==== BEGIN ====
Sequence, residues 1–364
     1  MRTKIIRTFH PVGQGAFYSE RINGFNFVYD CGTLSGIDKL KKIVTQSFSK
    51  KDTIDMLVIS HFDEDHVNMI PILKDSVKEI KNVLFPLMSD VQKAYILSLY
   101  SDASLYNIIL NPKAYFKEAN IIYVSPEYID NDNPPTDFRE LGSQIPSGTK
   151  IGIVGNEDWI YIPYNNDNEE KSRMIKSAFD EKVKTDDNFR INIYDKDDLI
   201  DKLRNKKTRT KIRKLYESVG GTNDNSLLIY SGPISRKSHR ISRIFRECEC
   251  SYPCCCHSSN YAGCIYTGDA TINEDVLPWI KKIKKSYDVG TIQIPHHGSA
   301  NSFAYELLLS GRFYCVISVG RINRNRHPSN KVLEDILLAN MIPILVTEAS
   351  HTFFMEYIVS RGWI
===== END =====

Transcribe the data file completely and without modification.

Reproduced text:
Sequence, residues 1–364
     1  MRTKIIRTFH PVGQGAFYSE RINGFNFVYD CGTLSGIDKL KKIVTQSFSK
    51  KDTIDMLVIS HFDEDHVNMI PILKDSVKEI KNVLFPLMSD VQKAYILSLY
   101  SDASLYNIIL NPKAYFKEAN IIYVSPEYID NDNPPTDFRE LGSQIPSGTK
   151  IGIVGNEDWI YIPYNNDNEE KSRMIKSAFD EKVKTDDNFR INIYDKDDLI
   201  DKLRNKKTRT KIRKLYESVG GTNDNSLLIY SGPISRKSHR ISRIFRECEC
   251  SYPCCCHSSN YAGCIYTGDA TINEDVLPWI KKIKKSYDVG TIQIPHHGSA
   301  NSFAYELLLS GRFYCVISVG RINRNRHPSN KVLEDILLAN MIPILVTEAS
   351  HTFFMEYIVS RGWI